University researchers have been awarded a grant of almost £900,000 to produce a new edition of the works of a medieval "giant" of Welsh poetry.
Guto'r Glyn fought on the Yorkist side in the War of the Roses
The grant, to the University of Wales' Centre for Advanced Welsh and Celtic Studies, is for research on the works of 15th Century poet Guto'r Glyn.
The award is thought to be the largest of its kind to a Welsh university.
Glyn also fought in the Hundred Years War. The five-year research on him will include a Welsh medieval life website.
Guto'r Glyn (c1435-c1493) wrote poems of praise to nobles and fought on the Yorkist side in the War of the Roses.
He was believed to be from Denbighshire and wrote during a period in Welsh literature known as the "great century" because of the amount of poetry produced.
As a soldier, he fought in France during the Hundred Years War, supported the Yorkist cause in the War of the Roses, and received patronage from noble families throughout Wales.
Glyn's Welsh-language poetry provides insights into the lives of the nobility including descriptions of feasts, fine wines, costumes, military battles, domestic relations and animals.
The £879,383 grant, from the Arts and Humanities Research Council (AHRC), will allow a team of researchers at the centre to prepare a new bilingual edition - on the internet and in print - of his poetry.
The AHRC funds research and postgraduate study in the UK's higher education institutions.
Geraint H Jenkins, director of the Centre for Advanced Welsh and Celtic Studies, based in Aberystwyth, said the grant was "extremely large grant in UK terms so is very significant in Welsh terms".
Prof Jenkins added that the programme of research and publication would help increase knowledge of Guto'r Glyn and his poetry.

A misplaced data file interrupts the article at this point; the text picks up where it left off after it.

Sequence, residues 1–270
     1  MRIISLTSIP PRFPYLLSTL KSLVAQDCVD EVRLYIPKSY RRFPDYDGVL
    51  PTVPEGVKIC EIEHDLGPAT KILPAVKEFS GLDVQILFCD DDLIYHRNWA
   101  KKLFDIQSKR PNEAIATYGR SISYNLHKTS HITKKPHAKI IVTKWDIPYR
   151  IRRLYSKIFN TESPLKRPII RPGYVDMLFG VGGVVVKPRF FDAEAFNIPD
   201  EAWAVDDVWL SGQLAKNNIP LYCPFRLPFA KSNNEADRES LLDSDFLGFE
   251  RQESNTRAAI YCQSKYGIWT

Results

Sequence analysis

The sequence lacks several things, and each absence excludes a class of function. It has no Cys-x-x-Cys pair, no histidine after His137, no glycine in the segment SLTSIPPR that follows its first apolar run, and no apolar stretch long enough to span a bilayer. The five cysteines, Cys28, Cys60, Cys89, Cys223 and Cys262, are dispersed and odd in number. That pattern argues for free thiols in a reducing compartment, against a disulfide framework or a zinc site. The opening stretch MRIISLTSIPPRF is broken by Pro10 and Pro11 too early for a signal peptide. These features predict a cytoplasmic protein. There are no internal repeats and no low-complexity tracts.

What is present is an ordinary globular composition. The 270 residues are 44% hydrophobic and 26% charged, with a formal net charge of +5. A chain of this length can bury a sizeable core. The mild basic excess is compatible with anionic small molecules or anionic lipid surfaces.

He said: "There's a very old edition of his work which is incomplete.
"But he is among the giants of Welsh poetry and this new edition will bring him into the light.
"Guto'r Glyn is an important historical figure - he fought in the Hundred Years War and was at Bosworth Field [where Richard III was defeated by Henry Tudor].
"He is a witness to lots of things that were happening in 15th Century Britain."
The project, which includes production of a new collection of Guto'r Glyn's poetry, a bilingual website featuring images of the original manuscripts and a second website concentrating on Welsh life during the poet's lifetime, will be led by Ann Parry Owen.
Dr Parry Owen, who specialises in medieval Welsh poetry, said a new edition of Guto'r Glyn's work was long overdue.
She said: "I was delighted to receive this award because it enables the centre to bring together leading scholars to edit the work of one of the finest poets in late medieval Britain."
The project is due to begin in January 2008 and is expected to be completed five years later.
The seven members of the research team will be based in Aberystwyth, Swansea and Cardiff.
The £879,383 grant is believed to be the largest grant ever made by the Arts and Humanities Research Council to a higher education institution in Wales.